Another important point is that our executive directors at those two institutions don't represent Canada alone. There is not a Canadian executive director. The executive director represents Canada, Ireland, and a number of the Caribbean constituencies. So there's not a uniquely Canadian individual who just represents Canada at those institutions—and that's relevant, as you're going to see later.
I'll move on with some comments on . There are three areas I'd like to highlight. The first is the potential impact on the Minister of Finance's legal powers in non-development-related areas. I assume from the testimony I heard earlier and the comments of committee members that this is unintended, but our legal counsel raises serious concerns that this may be an unintended effect of the legislation, the way it's currently worded. The second is the potential blurring of accountabilities set out under the Bretton Woods act with regard to reporting. The third is the disclosure limitations due to the confidentiality rules imposed on the World Bank and IMF executive boards.
In terms of the Minister of Finance's powers, I'll divide it into two layers. This discussion already began in the earlier hearings. It's a question of the scope of the definition of “development assistance”, as contrasted with what can be spent under clause 4. I'll give three examples of how it's potentially problematic.
The contribution Canada makes to reduce money laundering in a developing country would likely fall under the development assistance definition Mr. McKay has put forward to the committee. They would be funds provided to a developing country that advance the economic development of that country by having a better banking system. But one could make a strong argument that the primary focus of anti-money-laundering funds is not poverty reduction. The concern about how the bill is written right now, and any activity that falls under that definition of development assistance, is that the government would be stopped from spending money in any of those areas of that broad definition of development assistance that don't have poverty reduction as the primary goal. It's not that we couldn't just count it as ODA; we actually couldn't spend money in that area.
That's the primary concern we're putting forward--areas of spending of the Department of Finance like anti-money-laundering. Another area is unilateral tariff relief. It may have a positive impact on the economic development of developing countries, but its primary objective is not poverty reduction.
I don't think that was the intention of the bill, but counsel are very concerned that this is the effect of the existing legislation. Activities that would fall under a broad definition of development assistance, including anti-money-laundering, unilateral tariff relief, and even bilateral debt relief in countries like the former Yugoslavia, would be subjected to the test of poverty reduction. If they failed that test, the government would not be allowed to provide funds in that area.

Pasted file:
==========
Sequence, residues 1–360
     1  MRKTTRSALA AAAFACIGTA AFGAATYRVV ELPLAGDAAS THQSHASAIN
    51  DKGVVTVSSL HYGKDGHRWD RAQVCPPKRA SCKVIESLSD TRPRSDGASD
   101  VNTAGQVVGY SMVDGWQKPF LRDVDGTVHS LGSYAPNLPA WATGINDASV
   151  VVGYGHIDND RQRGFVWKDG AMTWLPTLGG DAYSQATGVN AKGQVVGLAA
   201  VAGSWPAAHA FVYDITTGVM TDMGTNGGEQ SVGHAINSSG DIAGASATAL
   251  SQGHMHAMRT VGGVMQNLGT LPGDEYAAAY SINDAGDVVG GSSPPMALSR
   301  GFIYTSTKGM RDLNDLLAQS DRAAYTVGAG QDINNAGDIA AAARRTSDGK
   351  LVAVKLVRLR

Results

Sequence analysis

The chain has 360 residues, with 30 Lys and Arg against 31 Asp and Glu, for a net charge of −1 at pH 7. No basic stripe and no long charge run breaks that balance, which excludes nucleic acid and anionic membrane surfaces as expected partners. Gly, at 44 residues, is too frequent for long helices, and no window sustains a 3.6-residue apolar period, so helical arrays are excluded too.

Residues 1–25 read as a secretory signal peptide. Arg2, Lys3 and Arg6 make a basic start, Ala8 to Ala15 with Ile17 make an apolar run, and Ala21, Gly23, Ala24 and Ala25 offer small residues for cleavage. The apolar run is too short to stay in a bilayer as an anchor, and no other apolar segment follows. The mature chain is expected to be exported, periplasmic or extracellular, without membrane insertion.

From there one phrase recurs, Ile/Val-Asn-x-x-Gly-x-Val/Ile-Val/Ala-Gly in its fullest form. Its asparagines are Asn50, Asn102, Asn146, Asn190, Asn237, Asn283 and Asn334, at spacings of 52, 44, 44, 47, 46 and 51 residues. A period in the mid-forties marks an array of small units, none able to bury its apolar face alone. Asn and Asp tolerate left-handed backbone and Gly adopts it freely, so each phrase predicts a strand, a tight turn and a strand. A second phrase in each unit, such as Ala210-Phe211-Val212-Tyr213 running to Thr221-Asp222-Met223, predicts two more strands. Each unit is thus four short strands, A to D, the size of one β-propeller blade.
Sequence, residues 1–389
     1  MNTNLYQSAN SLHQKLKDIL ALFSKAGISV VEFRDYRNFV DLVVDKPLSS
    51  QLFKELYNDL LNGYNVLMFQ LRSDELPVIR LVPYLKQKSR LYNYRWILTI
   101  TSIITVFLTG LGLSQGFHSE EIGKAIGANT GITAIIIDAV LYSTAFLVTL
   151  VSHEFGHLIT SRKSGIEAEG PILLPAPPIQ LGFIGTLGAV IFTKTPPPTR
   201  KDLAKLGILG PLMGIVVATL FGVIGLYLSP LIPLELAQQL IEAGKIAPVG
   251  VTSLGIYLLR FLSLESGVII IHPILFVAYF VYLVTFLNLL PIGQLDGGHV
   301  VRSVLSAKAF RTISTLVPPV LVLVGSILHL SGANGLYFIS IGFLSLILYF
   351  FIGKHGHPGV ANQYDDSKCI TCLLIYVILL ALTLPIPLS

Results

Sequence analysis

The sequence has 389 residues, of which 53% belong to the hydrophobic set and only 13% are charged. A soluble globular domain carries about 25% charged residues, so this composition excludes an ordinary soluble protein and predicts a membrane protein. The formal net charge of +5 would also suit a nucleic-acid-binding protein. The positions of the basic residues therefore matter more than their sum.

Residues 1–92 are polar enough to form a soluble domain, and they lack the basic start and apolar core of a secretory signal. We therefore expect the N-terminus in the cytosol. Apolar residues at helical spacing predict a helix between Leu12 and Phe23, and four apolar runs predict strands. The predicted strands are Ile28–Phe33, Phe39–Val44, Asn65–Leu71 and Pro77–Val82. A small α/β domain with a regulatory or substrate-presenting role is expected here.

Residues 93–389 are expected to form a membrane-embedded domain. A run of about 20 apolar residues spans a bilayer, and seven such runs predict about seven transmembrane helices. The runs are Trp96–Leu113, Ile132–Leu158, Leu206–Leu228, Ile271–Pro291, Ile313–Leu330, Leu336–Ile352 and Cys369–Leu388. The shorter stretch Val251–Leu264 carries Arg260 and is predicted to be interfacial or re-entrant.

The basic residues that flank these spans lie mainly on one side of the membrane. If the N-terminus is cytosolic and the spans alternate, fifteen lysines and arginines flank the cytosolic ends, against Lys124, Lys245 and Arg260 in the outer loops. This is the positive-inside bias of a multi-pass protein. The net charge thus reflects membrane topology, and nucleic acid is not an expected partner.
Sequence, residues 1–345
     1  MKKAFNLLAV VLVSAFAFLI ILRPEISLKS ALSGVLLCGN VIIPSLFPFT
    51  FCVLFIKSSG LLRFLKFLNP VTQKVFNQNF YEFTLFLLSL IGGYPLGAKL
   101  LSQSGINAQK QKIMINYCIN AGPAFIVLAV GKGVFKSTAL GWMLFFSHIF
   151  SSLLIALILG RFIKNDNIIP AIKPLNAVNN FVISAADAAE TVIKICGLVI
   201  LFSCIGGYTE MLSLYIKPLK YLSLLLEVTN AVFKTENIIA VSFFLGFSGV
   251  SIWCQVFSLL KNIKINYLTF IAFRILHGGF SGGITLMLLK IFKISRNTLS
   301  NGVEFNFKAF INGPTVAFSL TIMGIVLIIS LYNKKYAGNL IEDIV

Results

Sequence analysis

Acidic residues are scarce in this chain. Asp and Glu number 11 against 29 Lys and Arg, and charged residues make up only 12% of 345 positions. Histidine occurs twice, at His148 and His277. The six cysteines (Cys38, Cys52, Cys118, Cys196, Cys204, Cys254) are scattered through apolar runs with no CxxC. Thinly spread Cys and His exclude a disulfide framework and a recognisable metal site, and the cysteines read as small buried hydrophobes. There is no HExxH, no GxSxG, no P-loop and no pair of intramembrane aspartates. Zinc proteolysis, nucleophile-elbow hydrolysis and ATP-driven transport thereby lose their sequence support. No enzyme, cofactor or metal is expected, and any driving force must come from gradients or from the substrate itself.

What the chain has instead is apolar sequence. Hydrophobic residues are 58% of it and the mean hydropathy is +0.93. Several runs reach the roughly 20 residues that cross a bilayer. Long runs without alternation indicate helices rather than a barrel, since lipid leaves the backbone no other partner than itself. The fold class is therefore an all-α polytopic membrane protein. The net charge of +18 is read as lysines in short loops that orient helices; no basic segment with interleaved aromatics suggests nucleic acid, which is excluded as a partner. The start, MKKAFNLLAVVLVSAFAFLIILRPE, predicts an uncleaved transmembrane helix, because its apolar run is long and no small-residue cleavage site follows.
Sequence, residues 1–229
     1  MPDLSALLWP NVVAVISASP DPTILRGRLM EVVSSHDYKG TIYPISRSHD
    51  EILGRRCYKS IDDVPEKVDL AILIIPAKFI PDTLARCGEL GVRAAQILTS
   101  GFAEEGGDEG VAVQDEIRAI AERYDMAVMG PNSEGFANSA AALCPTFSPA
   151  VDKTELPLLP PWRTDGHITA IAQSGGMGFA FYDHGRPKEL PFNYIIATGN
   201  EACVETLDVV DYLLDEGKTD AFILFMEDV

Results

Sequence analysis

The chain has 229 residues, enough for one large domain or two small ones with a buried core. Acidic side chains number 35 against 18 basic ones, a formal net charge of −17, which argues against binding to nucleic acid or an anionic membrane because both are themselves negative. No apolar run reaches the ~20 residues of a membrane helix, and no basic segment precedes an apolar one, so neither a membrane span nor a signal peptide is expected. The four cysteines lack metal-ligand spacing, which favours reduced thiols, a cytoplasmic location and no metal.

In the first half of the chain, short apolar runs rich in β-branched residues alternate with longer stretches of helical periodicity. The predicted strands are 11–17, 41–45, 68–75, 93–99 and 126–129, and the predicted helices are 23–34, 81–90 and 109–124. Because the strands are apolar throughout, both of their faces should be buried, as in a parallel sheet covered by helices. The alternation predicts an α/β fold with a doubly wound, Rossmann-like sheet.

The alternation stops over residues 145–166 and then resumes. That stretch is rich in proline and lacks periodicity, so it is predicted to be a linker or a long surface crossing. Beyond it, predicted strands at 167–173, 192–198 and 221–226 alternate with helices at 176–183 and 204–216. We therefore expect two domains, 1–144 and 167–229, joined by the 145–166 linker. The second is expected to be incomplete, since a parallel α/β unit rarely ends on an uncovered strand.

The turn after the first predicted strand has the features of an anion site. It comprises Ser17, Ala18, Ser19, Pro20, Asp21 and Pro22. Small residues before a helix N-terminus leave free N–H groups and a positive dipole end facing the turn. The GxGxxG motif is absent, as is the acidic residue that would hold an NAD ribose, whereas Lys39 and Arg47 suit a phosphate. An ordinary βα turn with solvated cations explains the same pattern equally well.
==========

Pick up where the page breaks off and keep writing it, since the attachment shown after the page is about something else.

On bilateral debt relief, for example, you will recall that the government provided such relief in the former Yugoslavia following the Balkan conflicts. This type of assistance easily fits under the definition of development assistance; however, the driver for providing the relief was not the underlying prevalence of poverty in those countries. It was a recognition of the financial reality that in light of the particular challenging economic and financial situation, the country did not have the capacity to make its debt service payments over the coming years. Had Bill C-293 been in place, the minister might not have been able to deliver this type of assistance, as it would have been difficult to establish a direct causal link between the debt cancellation and poverty reduction, as required under clause 4.
Even within the Bretton Woods institutions, and particularly the World Bank, there are areas where we would potentially not be able to provide funding because it would fall under the broad definition of development assistance but not meet the poverty test.
If I could cite one example here of the World Bank private sector development agencies--the International Finance Corporation and the Multilateral Investment Guarantee Agency--the primary vehicle through which they provide assistance is funding to private sector organizations in those countries. Over the long term, the hope is that funding will eventually improve the state of the economy in those countries, which will help all citizens, including the most poor.
But when payments are made at the front end, it's difficult to make a direct link between a grant or risk insurance provided to a small company and poverty reduction. The concern is that with the broad definition of development assistance and the limiting factor that only those things that reduce poverty are allowed to be funded, the government would be prevented from contributing to these important World Bank agencies, to which most other countries in the world contribute.
The second point is around blurred accountabilities. As I mentioned earlier, the reporting requirements of Bretton Woods make it clear that the Minister of Finance is accountable for operations under the act. Indeed, it sets out a clear reporting requirement for the Minister of Finance that results in an annual report to Parliament.